What is the problem with ports PR reaction delays?
spankthespam at gmail.com
Sun Jan 26 13:25:47 UTC 2014
On Sun, Jan 26, 2014 at 4:20 AM, Jim Ohlstein <jim at ohlste.in> wrote:
> On 1/25/14, 9:04 PM, Alfred Perlstein wrote:
>> On 1/25/14 3:48 PM, Aryeh Friedman wrote:
>>> On Sat, Jan 25, 2014 at 6:41 PM, Yuri <yuri at rawbw.com> wrote:
>>> On 01/25/2014 14:44, Aryeh Friedman wrote:
>>>> The key seems to be that no one has time to do the stuff they really
>>>>> to do (get new ports into the system)... to that end automating
>>>>> that can be automated is sure help free up comitter time so they can
>>>>> at what is interesting
>>>>> Yes. I just can't imagine any generic port tests that can't be
>>>> and coded into the script once and for good.
>>>> Ideal system should be like github with the added automated testing
>>>> between pull request submission and merge. It should either fail and
>>>> the submitter, or succeed and notify the committers.
>>>> Git hup (or *ANY* remote service for that matter) is a no go IMO
>> You just don't get it.
>> Again, you just really, really, don't get it.
>> You WANT a gateway to a remote service that the project does not have to
>> Why? Because then we offload the problem to another org.
>> The FreeBSD project should be about innovation in OS design, platform
>> and software. Ops work is bunk and just slows us down.
>> The more we can outsource the better we'll be. (and what if that
>> service blows up? well we move on! it's simple!)
>> Continuing to insist that we run the services ourselves it just wasting
>> our limited resources. Not only that but we get emotionally attached to
>> technologies that are old, dying and dead when off the shelf stuff works
>> just fine.
> I've read all 60 or so messages in this thread and there really are two
> related but distinct issues here.
> The thread title is "What is the problem with ports PR reaction delays?".
> This has meandered into a philosophical debate about who knows what and who
> knows squat about version control systems, whether we need to maintain
> certain requirements, testing ports, etc.
> I like the KISS approach myself. This can be boiled down to those two
> issues, one of which is a symptom of the other. Arguing and debating over a
> long term solution to the OP's question does nothing to solve the problem
> in the short to intermediate term. There are 1680 current ports related
> PR's at this moment.
> As we all know, the committers are volunteers, mostly with real jobs and
> real lives and they obviously cannot keep up with the current load. The
> short to medium term solution for that is more committers. I'll add my name
> to the list of those who are willing to step in and help to clean up the
> mess. I'm certain that if a request went out, there would be many who are
> more qualified than I.
> At the same time, a group of interested individuals should offer input to
> the folks who already are looking at changing the bug reporting system away
> from gnats - https://wiki.freebsd.org/Bugtracking/BugRelocationPlan.
> Doing it in one fell swoop might make sense. It's "ripping off the bandaid"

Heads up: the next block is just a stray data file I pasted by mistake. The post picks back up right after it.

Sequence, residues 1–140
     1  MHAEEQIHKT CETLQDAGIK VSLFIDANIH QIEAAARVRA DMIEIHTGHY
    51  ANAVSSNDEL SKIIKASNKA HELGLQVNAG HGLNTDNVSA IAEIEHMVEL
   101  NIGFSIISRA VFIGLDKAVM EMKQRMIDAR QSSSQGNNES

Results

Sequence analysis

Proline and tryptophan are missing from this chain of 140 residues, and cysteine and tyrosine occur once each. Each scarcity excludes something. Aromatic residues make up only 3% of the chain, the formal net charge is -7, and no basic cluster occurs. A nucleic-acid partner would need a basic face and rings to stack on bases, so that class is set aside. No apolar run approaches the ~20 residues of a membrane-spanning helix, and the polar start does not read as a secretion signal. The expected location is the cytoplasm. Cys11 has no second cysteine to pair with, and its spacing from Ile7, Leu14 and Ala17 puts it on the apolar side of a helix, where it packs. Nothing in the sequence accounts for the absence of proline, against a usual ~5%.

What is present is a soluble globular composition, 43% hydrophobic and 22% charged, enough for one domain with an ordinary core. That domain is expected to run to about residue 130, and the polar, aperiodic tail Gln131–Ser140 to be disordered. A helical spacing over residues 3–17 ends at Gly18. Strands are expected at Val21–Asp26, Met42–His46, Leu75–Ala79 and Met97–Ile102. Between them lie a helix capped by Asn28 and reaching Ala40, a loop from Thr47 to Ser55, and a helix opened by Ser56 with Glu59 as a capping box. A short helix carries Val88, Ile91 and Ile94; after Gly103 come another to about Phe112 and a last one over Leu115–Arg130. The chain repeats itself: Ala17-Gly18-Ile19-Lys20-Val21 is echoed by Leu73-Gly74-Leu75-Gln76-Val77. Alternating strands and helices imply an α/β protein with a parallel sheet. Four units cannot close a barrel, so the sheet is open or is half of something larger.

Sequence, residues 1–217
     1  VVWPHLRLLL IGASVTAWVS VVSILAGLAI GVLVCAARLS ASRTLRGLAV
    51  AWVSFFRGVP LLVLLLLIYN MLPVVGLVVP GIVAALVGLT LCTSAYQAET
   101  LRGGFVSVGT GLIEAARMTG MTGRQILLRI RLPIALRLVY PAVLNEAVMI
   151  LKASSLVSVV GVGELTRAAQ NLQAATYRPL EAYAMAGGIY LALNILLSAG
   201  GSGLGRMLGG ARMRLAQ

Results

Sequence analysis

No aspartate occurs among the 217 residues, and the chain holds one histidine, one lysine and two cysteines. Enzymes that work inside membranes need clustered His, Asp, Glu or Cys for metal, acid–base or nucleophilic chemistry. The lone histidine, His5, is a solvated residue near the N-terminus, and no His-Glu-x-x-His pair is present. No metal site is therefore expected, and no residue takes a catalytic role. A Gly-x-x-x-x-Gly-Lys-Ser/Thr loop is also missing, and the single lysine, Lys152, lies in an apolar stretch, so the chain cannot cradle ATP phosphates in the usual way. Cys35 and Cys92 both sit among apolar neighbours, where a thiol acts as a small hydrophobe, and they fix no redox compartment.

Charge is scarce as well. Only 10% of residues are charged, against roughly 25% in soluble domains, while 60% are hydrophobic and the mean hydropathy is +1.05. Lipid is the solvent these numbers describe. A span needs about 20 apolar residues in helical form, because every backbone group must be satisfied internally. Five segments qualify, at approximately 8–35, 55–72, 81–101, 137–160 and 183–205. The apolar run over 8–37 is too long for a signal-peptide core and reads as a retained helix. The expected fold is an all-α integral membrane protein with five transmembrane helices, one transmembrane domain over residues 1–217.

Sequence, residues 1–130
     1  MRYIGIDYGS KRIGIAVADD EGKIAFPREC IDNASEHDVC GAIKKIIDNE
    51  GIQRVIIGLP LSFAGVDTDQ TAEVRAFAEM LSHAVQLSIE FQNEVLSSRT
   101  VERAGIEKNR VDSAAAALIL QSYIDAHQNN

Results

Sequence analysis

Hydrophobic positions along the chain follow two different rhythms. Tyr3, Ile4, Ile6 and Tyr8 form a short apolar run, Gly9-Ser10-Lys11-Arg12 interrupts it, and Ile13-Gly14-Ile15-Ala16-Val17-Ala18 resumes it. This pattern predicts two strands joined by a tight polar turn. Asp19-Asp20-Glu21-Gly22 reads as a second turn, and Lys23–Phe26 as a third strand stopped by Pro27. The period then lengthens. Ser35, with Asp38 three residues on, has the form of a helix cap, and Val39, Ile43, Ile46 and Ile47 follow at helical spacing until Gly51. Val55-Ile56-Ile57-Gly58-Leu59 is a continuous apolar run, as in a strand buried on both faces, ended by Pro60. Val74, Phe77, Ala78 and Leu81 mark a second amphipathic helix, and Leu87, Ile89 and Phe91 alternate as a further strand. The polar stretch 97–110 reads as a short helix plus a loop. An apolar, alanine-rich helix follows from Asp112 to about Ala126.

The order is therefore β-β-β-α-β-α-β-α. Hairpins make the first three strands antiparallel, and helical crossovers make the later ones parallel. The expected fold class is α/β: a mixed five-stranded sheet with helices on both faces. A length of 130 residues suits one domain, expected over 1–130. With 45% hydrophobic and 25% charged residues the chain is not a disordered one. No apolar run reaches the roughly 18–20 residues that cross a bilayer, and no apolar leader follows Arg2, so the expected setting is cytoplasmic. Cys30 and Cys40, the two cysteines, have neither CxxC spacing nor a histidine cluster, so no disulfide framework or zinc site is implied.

> but I'd rather do it only once myself.
> What does *not* make sense is a new port for what might be a very useful
> tool waiting since September for someone to look at it. Arguing over git
> and subversion et alia does nothing to fix that. As they say on the ESPN
> NFL pregame show, "C'mon man!".
I can't agree more. I can see, understand and accept reasons why we cant
move from SVN to GitHub/Git and I certainly dont think that it would be
solution to current problems. It seems like this is not neccessary, it wont
happen, so I think we can end that discussion here. However, we do have all
the tools to automate this process, so I really dont understand why not to
do this, especially it is perfectly doable with SVN, Redports are already
doing so, and there are people willing to work on it.
And when it comes to number of ports commiters, that seems to be too low to
handle current, manual process, why exactly this number is so low? I would
think there is not enough skilled people, but given Martin mentioned there
are sloppy commiters not doing their work exactly right, this doesnt seem
to be the case - what then? Could that process be more formalized,
transparent, so people interested could have a path to follow and the
ability to become commiters to support the ports team? I've mentioned the
idea of 'junior commiters' in my previous message, perhaps that's something
we could talk about?
One another thing I would do, is to handle the problem of amount of the
work that needs to be done, that tends to be a huge demotivation for people
to do work - when there's over 1600 PR's waiting to be handled, it
seriously harm the hope for getting the work done (emptying the queue) and
that's a stopper. Perhaps it would be possible to make a cut off for PR's
opened more than X weeks/months/years ago, their submitters arent answering
to emails, their emails are dead, neither submitters nor other users are
asking for, send emails to submitters and ports list, that in case of no
response withing X weeks those are going to be closed, and then handle
those answered, and close the rest? Apparently no one takes care about them
on commiters side, original authors do not care anymore, and community
doesnt need them, because no one is asking about them, and no one submits
them again - what's the point of keeping them around haunting productivity
and blurring the view of how much work is to be done for real? I know this
might seems to be radical, but waiting monhs for a port to be looked at is
nonsense as well.
And thank you all, who had expressed their views, I hope we can work out a
viable solution that will serve for better good for everyone.
> Jim Ohlstein
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